As friends of Mr. W. Mrs. Calloway and I have agreed that the puerile result of this effort to find fault with Mr. W's motives and public service, has been one of his most eloquent tributes. Verilyi his life work is best praised by the enemies he has made.
Mrs. C. joins me in best regards to you, Mrs. S. and the little S (or s's). We hope you will honor us with a call in some of your "flights" through Washington. Sincerely,
Thos. J. Calloway
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From Theophilus B. Morton
San Francisco, January 13, 1903
My dear Mr. Washington: After carefully considering the matter of the invitation so kindly given by you, to attend the annual banquet of the Unitarian Club this evening, at which you are to be the guest of honor, I have concluded that it will be more prudent and wise for me, and more beneficial to the cause to which you are so faithfully devoting your noble life, for me not to accept, for the following reasons:
First: it is a purely social function, held annually, for the pleasure of the members and such persons as are invited by the Club or its members to be their guests. I have therefore some delicacy of feeling about attending, unless the invitation should be tendered by the Club or some member thereof.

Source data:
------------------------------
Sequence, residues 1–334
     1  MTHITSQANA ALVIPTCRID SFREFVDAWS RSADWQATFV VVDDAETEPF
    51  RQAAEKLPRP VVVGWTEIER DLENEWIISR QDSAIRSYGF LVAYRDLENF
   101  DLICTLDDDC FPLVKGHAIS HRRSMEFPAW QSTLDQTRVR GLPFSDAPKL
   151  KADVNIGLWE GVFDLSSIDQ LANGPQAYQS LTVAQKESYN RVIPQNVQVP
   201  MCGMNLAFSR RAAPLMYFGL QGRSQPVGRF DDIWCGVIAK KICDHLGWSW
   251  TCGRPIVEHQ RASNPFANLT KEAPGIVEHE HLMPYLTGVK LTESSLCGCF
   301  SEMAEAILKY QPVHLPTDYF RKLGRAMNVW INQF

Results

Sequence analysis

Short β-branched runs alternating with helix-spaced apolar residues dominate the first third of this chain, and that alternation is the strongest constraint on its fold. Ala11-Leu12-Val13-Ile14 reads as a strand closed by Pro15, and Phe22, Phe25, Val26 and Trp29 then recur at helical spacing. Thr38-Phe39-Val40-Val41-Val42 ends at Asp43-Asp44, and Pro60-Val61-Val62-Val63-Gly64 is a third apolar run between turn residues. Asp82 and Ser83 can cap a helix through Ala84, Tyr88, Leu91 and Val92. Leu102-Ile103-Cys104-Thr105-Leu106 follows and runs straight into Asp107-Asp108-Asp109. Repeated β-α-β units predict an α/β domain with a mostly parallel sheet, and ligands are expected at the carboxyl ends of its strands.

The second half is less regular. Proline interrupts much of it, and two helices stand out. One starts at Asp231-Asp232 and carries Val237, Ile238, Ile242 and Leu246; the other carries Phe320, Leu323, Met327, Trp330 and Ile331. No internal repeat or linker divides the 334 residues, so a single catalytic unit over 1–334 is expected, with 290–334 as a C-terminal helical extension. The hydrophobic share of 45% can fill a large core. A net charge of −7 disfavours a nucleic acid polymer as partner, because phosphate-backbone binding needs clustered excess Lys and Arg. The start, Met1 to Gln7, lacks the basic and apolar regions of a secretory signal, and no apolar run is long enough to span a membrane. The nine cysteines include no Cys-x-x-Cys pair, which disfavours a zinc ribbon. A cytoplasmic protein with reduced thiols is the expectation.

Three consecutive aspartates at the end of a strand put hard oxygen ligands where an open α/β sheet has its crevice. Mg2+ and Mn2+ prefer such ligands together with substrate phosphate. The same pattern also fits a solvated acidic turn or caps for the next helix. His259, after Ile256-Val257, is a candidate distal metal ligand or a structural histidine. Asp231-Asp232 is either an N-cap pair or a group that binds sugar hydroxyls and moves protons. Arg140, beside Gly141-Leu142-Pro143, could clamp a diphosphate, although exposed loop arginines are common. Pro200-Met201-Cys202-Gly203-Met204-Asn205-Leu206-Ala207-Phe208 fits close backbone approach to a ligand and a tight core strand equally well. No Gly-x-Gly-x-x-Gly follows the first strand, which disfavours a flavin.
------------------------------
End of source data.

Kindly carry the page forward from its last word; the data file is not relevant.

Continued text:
Second, I had, prior to your arrival, through the influence of a prominent member of the legal fraternity, made an effort to secure a ticket admitting me upon this occasion, in order that I might hear your address to this most cultured and critical assemblage, in the same spirit and sense that many of our white friends prefer to hear you address those of your own race. I did not know at that time, however, that the affair was of a strictly social character, and one that would naturally be confined to that particular social circle. When I did learn this, I informed my legal friend that I did not want an invitation, and would not go if he obtained a ticket for me.